Thursday, January 22, 2009

Clearing up the debate about Everclear

I was recently at a restaurant in Boulder on assignment for a magazine, writing about the chef and his approach to cooking (more on that and a GF review of the restaurant after my article comes out). After dinner, I sat at the bar chatting with the bartender, who makes many of his own liquors - amaretto, triple sec, sambuca, and more - from scratch. To oversimplify the process, he does it by making infusions...of almond for the amaretto, of orange for the triple sec, and of fennel for the sambuca. (The amaretto and triple sec were good. The sambuca was exceptional.)

The base for the infusion is Everclear, a neutral grain spirit. Neutral grain spirits are a class of alcohol characterized by their clear, colorless, and flavorless qualities. They also have very high concentrations of ethyl alcohol (ethanol) - we're talking very high concentrations, on the order of 150 to 190 proof. Taken straight, this stuff is like jet fuel and can do serious bodily harm. Used for a higher good though (such as an infusion), and neutral grain spirits have a rightful purpose.

Within the GF community, products like Everclear have typically raised a red flag, and they've been widely debated about whether or not they're gluten-free. First, it's worthwhile to note that Everclear is sold in two strengths: 190 proof (which is banned in some states), and 150 proof (sold where the higher proof is outlawed). The debate comes from the word "grain," and the fact that neutral grain spirits are typically derived (distilled) from cereal grain. I've already covered the ins and outs of distillation here, so I won't belabor that point. It's also worth noting that corn happens to be the most common grain used for neutral grain spirits, so there's no gluten to be concerned about in those instances.

To be doubly sure, I contacted the folks at Luxco, the parent company for Everclear. They confirmed that Everclear is derived from corn, and that their version of neutral grain spirits is gluten-free. So whether you're using Everclear for infusions of homemade liquors, or for other purposes, rest assured that it's gluten-free.

- Pete


GFE--gluten free easily said...

Pretty much the legal version of moonshine, a.k.a. corn liquor. ;-) You've reassured many people, Pete. We are all very grateful!


Concetta said...

This sounds like an interesting conversation with the bartender. It amazes me how you deveolpe some very interesting information

Kerrie aka GFShaolin said...

I went to college in a state that the higher proof was legal. If I remember correctly, fraternities used to get a massive garbage can, pour a gallon of the higher proof everclear in it and fill the rest with Kool-Aid. You can still taste the booze.

Rob from CO said...

Very helpful =D Thanks

peterbronski said...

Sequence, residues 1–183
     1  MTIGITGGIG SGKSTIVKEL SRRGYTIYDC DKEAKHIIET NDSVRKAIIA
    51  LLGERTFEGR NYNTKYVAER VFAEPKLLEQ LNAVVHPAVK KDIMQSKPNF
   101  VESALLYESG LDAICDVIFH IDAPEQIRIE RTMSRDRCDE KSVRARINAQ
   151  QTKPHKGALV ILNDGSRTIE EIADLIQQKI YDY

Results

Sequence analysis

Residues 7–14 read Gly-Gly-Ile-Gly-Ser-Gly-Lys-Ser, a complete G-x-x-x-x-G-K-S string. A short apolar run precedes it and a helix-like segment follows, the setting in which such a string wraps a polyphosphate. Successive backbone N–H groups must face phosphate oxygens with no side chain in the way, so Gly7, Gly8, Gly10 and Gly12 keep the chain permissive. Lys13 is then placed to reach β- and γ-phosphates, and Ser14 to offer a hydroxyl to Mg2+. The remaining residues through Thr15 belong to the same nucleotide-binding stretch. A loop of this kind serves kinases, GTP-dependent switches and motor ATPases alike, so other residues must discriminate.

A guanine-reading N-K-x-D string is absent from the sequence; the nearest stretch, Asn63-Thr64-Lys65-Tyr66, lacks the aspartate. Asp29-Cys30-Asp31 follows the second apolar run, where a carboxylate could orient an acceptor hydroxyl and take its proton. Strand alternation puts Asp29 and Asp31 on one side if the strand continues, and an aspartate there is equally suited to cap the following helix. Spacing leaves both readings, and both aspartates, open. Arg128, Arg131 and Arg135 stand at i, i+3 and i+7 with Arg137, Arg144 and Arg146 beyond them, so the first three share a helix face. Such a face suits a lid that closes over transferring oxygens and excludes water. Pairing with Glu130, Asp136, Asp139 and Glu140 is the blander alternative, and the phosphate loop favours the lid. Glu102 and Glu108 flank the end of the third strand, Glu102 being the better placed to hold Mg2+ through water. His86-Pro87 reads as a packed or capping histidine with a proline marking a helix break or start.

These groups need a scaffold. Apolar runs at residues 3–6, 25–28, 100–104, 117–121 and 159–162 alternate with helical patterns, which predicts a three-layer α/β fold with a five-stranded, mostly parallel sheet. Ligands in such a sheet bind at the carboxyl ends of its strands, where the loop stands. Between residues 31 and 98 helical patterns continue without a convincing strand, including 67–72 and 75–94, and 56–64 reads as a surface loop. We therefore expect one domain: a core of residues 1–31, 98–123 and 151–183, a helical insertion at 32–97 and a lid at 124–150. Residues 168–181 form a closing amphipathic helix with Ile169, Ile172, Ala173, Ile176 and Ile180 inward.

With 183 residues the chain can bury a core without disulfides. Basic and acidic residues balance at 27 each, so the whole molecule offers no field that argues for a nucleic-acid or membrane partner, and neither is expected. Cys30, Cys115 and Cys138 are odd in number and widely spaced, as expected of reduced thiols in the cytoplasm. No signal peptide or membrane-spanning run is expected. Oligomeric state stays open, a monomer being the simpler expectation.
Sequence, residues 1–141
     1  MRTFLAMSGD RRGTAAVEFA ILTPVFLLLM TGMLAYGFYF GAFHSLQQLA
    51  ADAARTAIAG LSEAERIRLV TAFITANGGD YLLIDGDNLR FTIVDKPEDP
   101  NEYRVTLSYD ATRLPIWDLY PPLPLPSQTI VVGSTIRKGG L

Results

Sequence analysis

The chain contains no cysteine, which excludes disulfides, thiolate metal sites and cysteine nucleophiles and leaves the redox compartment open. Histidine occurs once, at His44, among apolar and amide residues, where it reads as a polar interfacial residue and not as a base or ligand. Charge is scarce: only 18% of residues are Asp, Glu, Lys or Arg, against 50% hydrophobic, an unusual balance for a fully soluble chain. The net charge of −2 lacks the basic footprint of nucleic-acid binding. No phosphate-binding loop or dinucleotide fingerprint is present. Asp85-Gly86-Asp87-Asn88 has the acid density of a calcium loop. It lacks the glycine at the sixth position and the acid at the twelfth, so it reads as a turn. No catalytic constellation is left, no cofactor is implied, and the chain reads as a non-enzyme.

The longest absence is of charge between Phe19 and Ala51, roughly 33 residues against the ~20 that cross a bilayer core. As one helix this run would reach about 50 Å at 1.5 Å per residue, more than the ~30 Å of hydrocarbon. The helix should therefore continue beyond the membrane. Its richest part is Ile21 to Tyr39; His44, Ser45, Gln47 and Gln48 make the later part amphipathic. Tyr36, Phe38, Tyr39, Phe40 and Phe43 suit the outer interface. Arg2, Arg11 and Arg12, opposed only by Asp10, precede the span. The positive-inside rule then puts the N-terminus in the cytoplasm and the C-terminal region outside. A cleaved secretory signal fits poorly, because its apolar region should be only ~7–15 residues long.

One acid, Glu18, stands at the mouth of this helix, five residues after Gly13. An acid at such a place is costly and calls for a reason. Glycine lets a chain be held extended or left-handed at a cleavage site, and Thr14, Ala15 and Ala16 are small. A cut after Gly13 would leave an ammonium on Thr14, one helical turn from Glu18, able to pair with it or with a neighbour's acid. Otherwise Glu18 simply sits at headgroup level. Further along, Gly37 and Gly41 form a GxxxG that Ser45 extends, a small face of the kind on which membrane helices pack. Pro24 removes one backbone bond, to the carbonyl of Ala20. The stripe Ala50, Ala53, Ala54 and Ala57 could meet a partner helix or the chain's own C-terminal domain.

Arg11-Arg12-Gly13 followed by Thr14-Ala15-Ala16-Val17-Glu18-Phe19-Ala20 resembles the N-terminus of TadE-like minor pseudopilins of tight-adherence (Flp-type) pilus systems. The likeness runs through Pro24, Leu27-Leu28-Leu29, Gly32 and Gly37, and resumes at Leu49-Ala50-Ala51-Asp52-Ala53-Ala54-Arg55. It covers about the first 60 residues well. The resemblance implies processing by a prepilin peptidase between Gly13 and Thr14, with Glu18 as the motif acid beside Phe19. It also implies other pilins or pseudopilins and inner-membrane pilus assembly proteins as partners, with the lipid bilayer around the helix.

You're very welcome, Rob!

Cheers, Pete

Anonymous said...

I know that this is an old post, but I've been looking for confirmation that Everclear was gluten-free, so I just wanted to say thanks!

I've used Everclear many times to make my own liquors at home, but a friend of mine was concerned she may not be able to have any if it contained gluten!

peterbronski said...

Hi Anonymous... Happy to help!

Cheers, Pete

Anonymous said...

very happy to hear this as well i thought i had become violently ill after consuming everclear in a mixed drink but i am now thinking it must have been something else, thank you so much for your help!

Anonymous said...

Thank you! I use everclear to make tinctures and was afraid that I could not use it any longer. Especially since I still have quite a lot of the last batch! Phew.

peterbronski said...

Happy to help!

Raj said...



Hearing that Everclear is made from corn raises a huge red flag for me. Most corn in the US is GMO.
Also discovered that the enzyme, glucoamylase, which is used to make Everclear is GMO.

Definitely NOT SAFE.

peterbronski said...

Hi Raj... This is a gluten-free blog, and the fact remains that Everclear is gluten-free, and thus "safe" for someone following a gluten-free diet.

The GMO issue a separate one entirely. As a matter of personal preference, we stay away from GMO foods. That said, a product such as Everclear doesn't raise concerns for me. The glucoamylase is an enzyme used during initial fermentation. Similarly, GMO corn - used as the base for fermentation - is early in the process. Once a neutral grain spirit such as Everclear is ready for market, the distillation and filtration ensures that you're left with nothing but 95% ethanol and 5% water. Any remnants of the GMO inputs are left behind.

That said, Alchemical Solutions in Oregon is a certified organic micro-distillery making neutral grain spirits with non-GMO corn and non-GMO glucoamylase.

Cheers, Pete

Anonymous said...

Hi Raj,

Thank you for your comment. I agree about the corn issues and GMO. Your comment was highlighted in my Google search results, and it made my search very simple.

I make herbal extracts and will now be looking for another source of ORGANIC ethanol, to avoid GMO's. Do you know if they always use the GMO enzyme, glucoamylase? They couldn't if the product is organic, right?

Thanks again. Sara

Anonymous said...

I now see your comment, Pete. Thank you for that source, and good to know about the glucoamylase. Sara